Bipolar – Our Feelings Are Too Big
The issue with bipolar disorder isn’t that we have feelings, it’s that our feelings are too big. Emotions are normal, even big emotions at certain times are normal but people with bipolar have feelings that are too big far too much of the time.
Why Bipolar Is an Illness and Feelings Are Not
What people don’t understand about bipolar disorder, as a mood disorder, is this: all feelings exist on a spectrum and anyone’s feelings might exist anywhere on that spectrum depending on a given situation; people with bipolar disorder exist way too far onto one end, however. For example, if you’re a dog person and you see a cute pooch walking down the street, you might smile and be a little happy. If your parent has just died, you may be extraordinarily sad. Completely normal, all of it.
But with bipolar disorder (bipolar depression, specifically) it feels like your parent dies every day. The problem isn’t the emotion, it isn’t the feeling itself, it’s that the feeling is too big for the situation. The feeling is pretty much always too big, every day, all day.
Bipolar and Feelings that Are Too Big
I feel like I am a hurricane trapped inside a bubble, ready to burst at any moment. I do all I can to keep the hurricane inside, but it’s a bubble I live in and bubbles can only be maintained for so long. And hurricanes harm. They harm me whether they’re inside the bubble or not and they might even hurt others should the hurricane pop the bubble. I know that my feelings are too big. I know that I am too much. I know that people with bipolar disorder have to handle more, internally, than any normal person can understand.
An Example of Emotions that Are Too Big in Bipolar
For example, I watched a television show today. (I tend to watch television over movies because movies are just too triggering. They’re meant to be. They’re art that’s designed to elicit emotion. Television is less like this. It’s safer.) And so, today, I watched a character in this television show die and I was crushed with sadness. I didn’t feel a twinge, I felt a tempest. Even though it was a fictional character in a fictional story playing out in nothing but pixels, my bipolar brain couldn’t handle it.
You would never understand it if you were watching me but I felt so Earth-shattering sad that I wept and wailed and went through tissue after tissue. So much crying, so much sobbing, so much pain and it wasn’t even 9:00 a.m.. If you were watching me you would think I was crazy. (Which I am, so that makes sense.)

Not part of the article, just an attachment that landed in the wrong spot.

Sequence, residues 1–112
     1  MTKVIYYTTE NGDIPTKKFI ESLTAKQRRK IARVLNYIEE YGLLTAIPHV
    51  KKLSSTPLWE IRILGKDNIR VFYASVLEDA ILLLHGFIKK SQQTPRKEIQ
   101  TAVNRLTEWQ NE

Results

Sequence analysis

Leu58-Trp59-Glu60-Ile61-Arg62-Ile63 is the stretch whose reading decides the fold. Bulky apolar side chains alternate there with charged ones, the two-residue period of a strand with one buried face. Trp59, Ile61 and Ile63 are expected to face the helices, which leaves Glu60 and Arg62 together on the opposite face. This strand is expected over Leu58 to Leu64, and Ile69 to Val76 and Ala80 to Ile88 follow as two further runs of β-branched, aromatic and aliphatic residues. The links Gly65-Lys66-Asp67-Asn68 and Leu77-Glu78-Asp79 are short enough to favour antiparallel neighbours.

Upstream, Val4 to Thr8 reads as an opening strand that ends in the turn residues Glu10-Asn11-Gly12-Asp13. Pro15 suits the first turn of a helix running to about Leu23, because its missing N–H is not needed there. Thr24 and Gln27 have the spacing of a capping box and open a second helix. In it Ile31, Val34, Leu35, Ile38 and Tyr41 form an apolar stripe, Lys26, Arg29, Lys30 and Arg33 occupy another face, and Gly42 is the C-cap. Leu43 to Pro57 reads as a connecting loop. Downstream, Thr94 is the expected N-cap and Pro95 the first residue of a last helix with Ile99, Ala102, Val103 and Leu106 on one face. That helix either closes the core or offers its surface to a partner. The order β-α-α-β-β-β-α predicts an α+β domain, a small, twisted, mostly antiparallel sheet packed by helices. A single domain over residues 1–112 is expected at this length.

Feelings Aren’t Bipolar – Bipolar Is Bipolar
The point here is not that I had this emotion the point here is that I had a massive emotion from a tiny antecedent. If I had felt that way because of a death or because of something massive, it would have been understandable, but because this type of experience is more like the rule than the exception, that’s what makes it bipolar disorder and not just another feeling.
Reasons for Bipolar Feelings that Are Too Big
I will say that I’m not always so highly reactive to external stimuli but when in bipolar depression or in a bipolar mixed mood, it’s just something that happens. I also know that my sleep has been compromised for quite some time thanks to a pinched nerve in my neck and compromised sleep always presents a worsening of bipolar symptoms.
Regardless, though, whether I’m feeling highly irritated because of hypomania or devastatingly upset because of depression, my feelings are just too big to fit into one, tiny, human brain. I know this. I understand this. It troubles me greatly but I’ve learned to live with it because it’s the brain I have and I’m not getting another.
But I do wish that others would understand that I’m dealing with level 11 emotions the vast majority of the time and they have no idea what that’s like. Everyone else gets over a death and over that state of extreme despair with time. My time is my lifetime.
Image by Flickr user Shigemi.J.
About Natasha Tracy
Natasha Tracy is an award-winning writer, speaker and consultant from the Pacific Northwest. She has been living with bipolar disorder for 18 years and has written more than 1000 articles on the subject.